Acoatl (MH624r)

Acoatl (MH624r)
Compound Glyph

Glyph or Iconographic Image Description: 

This black-line drawing of the compound glyph for the personal name Acoatl ("Water Snake") is attested here as a man's name. It shows a swirling pool of water with three little streams coming off it, downwards, each one with a droplet at the end. The curviness and the black lines in the middle of the streams both seem to suggest movement. Above the water is a horizontal, undulating serpent with dots on its body and a rattler rail. Its visible eye is open.

Description, Credit: 

Stephanie Wood

Gloss Image: 
Gloss Diplomatic Transcription: 


Gloss Normalization: 

Diego Acoatl (or Acohuatl)

Gloss Analysis, Credit: 

Stephanie Wood

Date of Manuscript: 


Creator's Location (and place coverage): 

Huejotzingo, Puebla

Semantic Categories: 
Writing Features: 
Cultural Content, Credit: 

Jeff Haskett-Wood

Parts (compounds or simplex + notation):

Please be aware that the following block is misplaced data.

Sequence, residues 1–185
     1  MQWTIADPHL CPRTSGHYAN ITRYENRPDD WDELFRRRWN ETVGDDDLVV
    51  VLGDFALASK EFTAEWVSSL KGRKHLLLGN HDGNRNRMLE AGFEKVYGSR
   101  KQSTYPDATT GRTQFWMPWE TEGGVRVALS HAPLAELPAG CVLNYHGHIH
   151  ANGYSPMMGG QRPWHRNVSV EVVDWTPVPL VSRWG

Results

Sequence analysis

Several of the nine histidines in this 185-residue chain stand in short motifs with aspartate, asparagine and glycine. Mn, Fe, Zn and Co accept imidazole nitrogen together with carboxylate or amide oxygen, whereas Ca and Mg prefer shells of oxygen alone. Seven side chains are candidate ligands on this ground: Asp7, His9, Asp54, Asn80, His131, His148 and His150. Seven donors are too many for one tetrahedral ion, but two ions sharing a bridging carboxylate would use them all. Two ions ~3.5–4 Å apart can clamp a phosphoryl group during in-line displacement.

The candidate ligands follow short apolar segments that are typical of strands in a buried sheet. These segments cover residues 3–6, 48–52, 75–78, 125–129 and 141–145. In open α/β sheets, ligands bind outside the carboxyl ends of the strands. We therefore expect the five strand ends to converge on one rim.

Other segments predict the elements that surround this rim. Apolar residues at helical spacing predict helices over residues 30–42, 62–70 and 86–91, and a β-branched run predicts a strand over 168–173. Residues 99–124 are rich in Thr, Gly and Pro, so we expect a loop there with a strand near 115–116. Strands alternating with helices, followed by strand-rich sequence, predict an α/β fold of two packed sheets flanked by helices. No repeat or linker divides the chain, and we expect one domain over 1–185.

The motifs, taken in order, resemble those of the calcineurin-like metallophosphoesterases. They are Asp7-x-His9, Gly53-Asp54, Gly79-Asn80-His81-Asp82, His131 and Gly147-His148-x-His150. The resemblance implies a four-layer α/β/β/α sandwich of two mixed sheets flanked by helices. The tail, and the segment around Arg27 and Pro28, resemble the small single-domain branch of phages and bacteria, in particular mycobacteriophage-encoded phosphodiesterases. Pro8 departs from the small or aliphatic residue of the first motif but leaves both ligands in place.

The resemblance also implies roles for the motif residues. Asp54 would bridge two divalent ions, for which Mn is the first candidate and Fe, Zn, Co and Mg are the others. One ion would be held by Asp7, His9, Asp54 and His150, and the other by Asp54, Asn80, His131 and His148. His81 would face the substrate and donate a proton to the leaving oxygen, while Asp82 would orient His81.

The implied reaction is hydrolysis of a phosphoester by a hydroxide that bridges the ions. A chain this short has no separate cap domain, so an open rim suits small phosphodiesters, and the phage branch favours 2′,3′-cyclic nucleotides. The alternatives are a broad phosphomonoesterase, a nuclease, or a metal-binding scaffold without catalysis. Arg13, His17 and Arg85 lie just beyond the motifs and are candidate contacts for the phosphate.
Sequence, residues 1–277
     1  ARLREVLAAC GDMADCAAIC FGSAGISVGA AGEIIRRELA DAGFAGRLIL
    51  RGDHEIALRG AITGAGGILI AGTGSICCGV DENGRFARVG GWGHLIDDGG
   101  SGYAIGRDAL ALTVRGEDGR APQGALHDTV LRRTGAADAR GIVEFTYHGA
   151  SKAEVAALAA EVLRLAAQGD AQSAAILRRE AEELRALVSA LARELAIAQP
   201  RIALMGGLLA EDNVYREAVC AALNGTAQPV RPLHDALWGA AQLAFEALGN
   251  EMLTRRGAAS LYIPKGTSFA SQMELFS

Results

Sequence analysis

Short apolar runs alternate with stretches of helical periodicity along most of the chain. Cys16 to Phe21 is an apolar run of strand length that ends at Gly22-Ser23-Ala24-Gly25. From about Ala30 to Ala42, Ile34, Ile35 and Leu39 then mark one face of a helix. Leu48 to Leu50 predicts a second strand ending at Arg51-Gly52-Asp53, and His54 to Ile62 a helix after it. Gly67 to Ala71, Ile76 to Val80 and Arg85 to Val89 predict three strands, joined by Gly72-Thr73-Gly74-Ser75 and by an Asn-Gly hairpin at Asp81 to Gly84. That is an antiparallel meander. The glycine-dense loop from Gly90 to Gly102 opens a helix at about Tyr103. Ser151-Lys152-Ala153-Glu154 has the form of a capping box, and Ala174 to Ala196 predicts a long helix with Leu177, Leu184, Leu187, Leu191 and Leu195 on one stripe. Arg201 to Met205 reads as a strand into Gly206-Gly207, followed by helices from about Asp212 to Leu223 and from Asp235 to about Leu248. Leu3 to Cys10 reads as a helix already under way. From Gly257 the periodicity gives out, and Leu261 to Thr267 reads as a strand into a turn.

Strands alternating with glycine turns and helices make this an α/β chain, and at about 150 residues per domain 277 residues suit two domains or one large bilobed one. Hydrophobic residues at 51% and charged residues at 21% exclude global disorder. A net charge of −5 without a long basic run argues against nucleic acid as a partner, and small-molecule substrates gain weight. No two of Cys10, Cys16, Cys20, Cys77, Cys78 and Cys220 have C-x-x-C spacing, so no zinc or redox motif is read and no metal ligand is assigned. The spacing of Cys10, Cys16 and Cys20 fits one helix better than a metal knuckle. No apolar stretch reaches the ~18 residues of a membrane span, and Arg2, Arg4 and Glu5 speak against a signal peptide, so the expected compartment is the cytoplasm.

Reading Order (Compounds or Simplex + Notation): 

serpientes, undulante, manchado, agua, arremolinándose, rattlers, cascabeles, nombres de hombres

Glyph or Iconographic Image: 
Relevant Nahuatl Dictionary Word(s): 
Glyph/Icon Name, Spanish Translation: 


Spanish Translation, Credit: 

Stephanie Wood

Image Source: 

Matrícula de Huexotzinco, folio 624r, World Digital Library,

Image Source, Rights: 

This manuscript is hosted by the Library of Congress and the World Digital Library; used here with the Creative Commons, “Attribution-NonCommercial-ShareAlike 3.0 License” (CC-BY-NC-SAq 3.0).

Historical Contextualizing Image: